Friday, February 7, 2014

The Politics Of Death Valley National Park And The Possible Death Of The Badwater Ultramarathon

Dale Matson

"It is exciting to return to the desert and continue to learn about the desert environment, diversity of the resources and incredible culture of the area. I look forward to joining the park team in advancing the stewardship vision for Death Valley National Park." Kathy Billings January 24th 2013

The Fresno Bee had an excellent article today that is reprinted from the Los Angeles Times on the Death Valley portion of the Badwater Ultramarathon being banned from the 2014 race by Kathy Billings. This 135-mile race from Death Valley to the Whitney Portal could be considered the worlds toughest foot race and the 100 participants are there by invitation only. This race has been conducted for the last 27 years without incident under strict race rules and governance. The current race director is Chris Kostman.

Kostman and supportive Inyo County officials met with Billings in December and offered concessions to reduce the impact of the race on Death Valley. “They also suggested immediate changes to reduce impact — including cutting Badwater support crews from six to four people and requiring them to operate in one car, instead of two. Inyo County administrator Kevin D. Carunchio told the Park Service that county workers could help speed up the safety review. Billings said she wasn't open to negotiation, meeting participants said.”,0,7299540.story#ixzz2sfJY0ChE.

Billing said that the reason for the ban is that a safety study needs to be conducted before any more events will be allowed. My first thought was, “Why wouldn’t they want to conduct the safety study during the run?” To explain the rationale for the shut down of the event, Billings offered a letter that included the following statement. “Recently, Death Valley National Park placed a temporary moratorium on issuing special use permits for sporting events within Death Valley while a safety assessment is conducted on these types of events. Over the past few years, numerous safety risks and issues have been observed by park staff and park visitors during sporting events on Death Valley roads. This past year, multiple near misses between event participants and park visitors in vehicles were observed.”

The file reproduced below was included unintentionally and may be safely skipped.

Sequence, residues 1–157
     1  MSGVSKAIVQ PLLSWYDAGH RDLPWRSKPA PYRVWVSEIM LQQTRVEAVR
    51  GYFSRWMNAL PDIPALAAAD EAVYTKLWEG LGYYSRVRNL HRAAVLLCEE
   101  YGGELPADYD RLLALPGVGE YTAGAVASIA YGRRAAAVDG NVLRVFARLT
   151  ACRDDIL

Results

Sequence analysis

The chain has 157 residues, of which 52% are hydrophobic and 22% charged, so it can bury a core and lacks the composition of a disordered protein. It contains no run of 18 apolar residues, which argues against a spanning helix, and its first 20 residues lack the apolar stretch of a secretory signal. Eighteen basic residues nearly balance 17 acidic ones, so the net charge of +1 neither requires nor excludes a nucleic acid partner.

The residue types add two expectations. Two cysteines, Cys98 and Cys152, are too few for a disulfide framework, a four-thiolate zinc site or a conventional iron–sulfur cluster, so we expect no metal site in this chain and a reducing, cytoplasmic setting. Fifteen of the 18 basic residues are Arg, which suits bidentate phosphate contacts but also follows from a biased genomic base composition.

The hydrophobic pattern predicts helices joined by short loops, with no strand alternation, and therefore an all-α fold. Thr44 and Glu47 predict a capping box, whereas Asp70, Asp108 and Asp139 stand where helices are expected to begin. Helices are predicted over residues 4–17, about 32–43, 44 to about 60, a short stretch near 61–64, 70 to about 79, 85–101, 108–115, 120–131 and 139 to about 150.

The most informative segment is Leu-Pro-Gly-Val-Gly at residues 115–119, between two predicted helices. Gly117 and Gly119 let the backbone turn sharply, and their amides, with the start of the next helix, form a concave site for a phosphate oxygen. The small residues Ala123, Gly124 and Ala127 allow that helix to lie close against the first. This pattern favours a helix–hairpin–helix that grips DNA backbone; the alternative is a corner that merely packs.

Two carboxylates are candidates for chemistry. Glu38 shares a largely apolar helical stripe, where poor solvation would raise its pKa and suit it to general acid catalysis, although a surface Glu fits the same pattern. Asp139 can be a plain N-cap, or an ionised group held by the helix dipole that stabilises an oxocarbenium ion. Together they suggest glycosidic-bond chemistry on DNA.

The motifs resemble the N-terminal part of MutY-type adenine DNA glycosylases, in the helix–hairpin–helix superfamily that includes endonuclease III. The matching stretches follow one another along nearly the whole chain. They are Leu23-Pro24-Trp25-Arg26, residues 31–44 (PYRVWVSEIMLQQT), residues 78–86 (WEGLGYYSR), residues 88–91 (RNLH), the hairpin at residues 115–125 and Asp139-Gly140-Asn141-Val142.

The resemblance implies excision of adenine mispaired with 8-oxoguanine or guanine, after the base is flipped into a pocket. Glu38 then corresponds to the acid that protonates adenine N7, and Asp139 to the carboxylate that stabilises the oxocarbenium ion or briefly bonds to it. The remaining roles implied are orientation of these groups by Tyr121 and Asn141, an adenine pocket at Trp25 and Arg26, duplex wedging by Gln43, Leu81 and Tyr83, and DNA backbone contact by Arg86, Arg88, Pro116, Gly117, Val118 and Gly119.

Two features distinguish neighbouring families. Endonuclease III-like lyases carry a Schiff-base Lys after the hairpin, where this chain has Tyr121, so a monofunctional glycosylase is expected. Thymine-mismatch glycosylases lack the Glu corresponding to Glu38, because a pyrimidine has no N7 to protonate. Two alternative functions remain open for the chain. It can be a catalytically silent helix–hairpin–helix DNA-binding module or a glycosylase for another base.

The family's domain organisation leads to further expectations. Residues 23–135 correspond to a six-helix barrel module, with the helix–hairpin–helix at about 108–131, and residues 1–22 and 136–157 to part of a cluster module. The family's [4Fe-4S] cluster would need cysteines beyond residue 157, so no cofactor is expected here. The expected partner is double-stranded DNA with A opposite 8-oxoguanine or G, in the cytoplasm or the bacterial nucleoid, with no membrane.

While Billings listed safety concerns and the need for a safety assessment, she offered no specific evidence other than statements like “numerous safety risks and issues” and “multiple near misses…. were observed”. I would ask, “How many citations were issued by park rangers and for what offenses related to the race?”

I believe there is a more important issue at play here below the surface and it has to do with Kathy Billings and her “vision” for Death Valley National Park. Her vision has to do with her understanding and implementation of the “Wilderness and Backcountry Stewardship Plan” (July 2013). The selected impact ‘Plan D’ does affect running events in the park.

While Kathy Billings stated that safety is the key issue for the ‘moratorium’, I believe she is more concerned about how good a fit the ultramaraton is for Death Valley, which is designated as over 90% “Wilderness”, with all that entails in terms of use restrictions. Because Badwater is a footrace on paved highway, I see no threat even if support crews are added to the mix. They help ensure the safety of the runners. Actually, I can understand why the Tour of California was denied a day use permit for a bike race leg in Yosemite with all the logistics and narrow winding roads. Safety would be an issue in that case.

I am an ultra runner and an environmentalist. Part of my qualifications for entrance in the Western States 100 Mile Endurance Run was a documented participation in trail maintenance. The WS 100 is run in the Granite Chief Wilderness area on single-track trails. The spirit of John Muir welcomes people into the wilderness so that they will be changed by the experience. The contemporary understanding is just the opposite. People are viewed a threat to the wilderness not partners in stewardship. A balanced understanding of the mix of people and wilderness needs to be restored. People who have been in the wilderness are the most informed and strongest defenders of the wilderness.


  1. Nice to see that 2015 participants will be running the original course again.
    Here's hoping Oswaldo Lopez has a good run and strong finish!

  2. Congratulations to Oswaldo Lopez who finished the 2015 race 2nd again with a time of 25:28.